I am an American, and English is the only language I speak. It would stand to reason that I prefer a higher ratio of American series and movies since that’s my culture. I suspect that the viewing habits of European subscribers reflect a similar pattern but in the reverse. They probably watch a large amount of their country’s homegrown programming with maybe a splash of American content here and there. It’s only natural. That’s why I hope this new law brings more content from foreign sources without sacrificing future development of shows in my native country. In fact, I hope it works out well for viewers on both sides of the Atlantic.

PBS Masterpiece Now on Amazon Prime Channels

This bit of streaming news is more exciting to Mrs. Buckler than it is to me. The PBS Masterpiece Amazon channel has been added to Amazon Prime Channels. This will be huge news for my wife, who absolutely loves all things British TV. She’s already watched Downton Abbey, Grantchester, and Poldark, among many other English shows. Now, she’s looking forward to binge-watching the first two seasons of Victoria. If you’re an fellow Anglophile, you’ll probably enjoy the categories on Amazon’s PBS Masterpiece:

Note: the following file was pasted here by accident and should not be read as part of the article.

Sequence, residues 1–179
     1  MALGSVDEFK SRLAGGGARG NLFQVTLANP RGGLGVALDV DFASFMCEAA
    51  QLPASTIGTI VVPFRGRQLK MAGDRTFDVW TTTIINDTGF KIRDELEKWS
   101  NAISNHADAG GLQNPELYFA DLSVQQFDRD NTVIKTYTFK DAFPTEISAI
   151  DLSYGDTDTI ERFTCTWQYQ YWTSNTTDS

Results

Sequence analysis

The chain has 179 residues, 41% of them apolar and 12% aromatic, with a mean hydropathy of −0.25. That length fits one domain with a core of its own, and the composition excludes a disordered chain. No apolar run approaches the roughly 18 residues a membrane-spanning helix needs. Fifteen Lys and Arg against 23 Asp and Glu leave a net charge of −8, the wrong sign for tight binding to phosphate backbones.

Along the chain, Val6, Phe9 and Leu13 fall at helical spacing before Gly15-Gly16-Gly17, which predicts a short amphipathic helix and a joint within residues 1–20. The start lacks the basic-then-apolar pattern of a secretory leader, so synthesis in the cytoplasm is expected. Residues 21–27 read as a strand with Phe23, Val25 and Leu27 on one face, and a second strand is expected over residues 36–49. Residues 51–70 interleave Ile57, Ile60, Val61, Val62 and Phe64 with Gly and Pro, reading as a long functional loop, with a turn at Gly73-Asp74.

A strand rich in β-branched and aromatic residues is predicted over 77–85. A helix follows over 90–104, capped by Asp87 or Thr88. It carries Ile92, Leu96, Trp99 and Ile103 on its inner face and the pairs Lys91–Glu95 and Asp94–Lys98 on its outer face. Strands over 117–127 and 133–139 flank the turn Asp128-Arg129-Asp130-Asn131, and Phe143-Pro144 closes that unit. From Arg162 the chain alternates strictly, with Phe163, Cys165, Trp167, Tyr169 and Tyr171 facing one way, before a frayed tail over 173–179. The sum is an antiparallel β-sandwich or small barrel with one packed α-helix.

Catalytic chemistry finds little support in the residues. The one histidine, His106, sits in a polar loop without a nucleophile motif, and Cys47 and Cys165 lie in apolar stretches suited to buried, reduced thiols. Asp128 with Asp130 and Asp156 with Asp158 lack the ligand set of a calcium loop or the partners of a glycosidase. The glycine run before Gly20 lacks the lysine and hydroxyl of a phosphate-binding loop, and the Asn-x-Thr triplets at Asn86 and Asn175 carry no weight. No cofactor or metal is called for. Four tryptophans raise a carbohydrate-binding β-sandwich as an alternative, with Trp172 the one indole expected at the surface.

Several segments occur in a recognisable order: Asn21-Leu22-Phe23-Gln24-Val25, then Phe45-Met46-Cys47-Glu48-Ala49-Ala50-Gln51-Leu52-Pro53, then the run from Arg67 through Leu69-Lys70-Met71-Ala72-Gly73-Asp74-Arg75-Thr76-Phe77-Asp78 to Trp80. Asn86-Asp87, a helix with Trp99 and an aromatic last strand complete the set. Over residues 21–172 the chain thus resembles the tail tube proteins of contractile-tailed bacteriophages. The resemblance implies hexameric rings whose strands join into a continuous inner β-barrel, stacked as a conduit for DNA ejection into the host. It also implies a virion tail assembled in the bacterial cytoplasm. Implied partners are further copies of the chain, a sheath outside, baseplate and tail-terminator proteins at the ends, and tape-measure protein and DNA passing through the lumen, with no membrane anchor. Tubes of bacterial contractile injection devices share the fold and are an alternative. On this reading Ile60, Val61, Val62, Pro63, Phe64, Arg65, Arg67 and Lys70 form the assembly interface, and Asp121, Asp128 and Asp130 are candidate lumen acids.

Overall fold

• Popular Series
  • Period Drama
  • Mystery & Thriller
  • Popular Movies

Within these categories, you’ll find a variety of PBS TV shows, miniseries, and movies. Mrs. Buckler mentioned wanting to watch Great Expectations, a three-episode mini-series based off the epic novel by Charles Dickens. She asked me to join her, but I told her I already read the book in high school. (Note: I’m sure I’ll end up watching it with her anyway.)

Sling TV Adds Four À La Carte Channels

What’s better than a movie or series about your favorite topics? An entire channel dedicated to it, that’s what. Sling TV recently added four new channels to its À La Carte lineup. You can add any or all of these channels to any Sling TV package, or as a standalone option. Here are the niche channels that Sling TV added: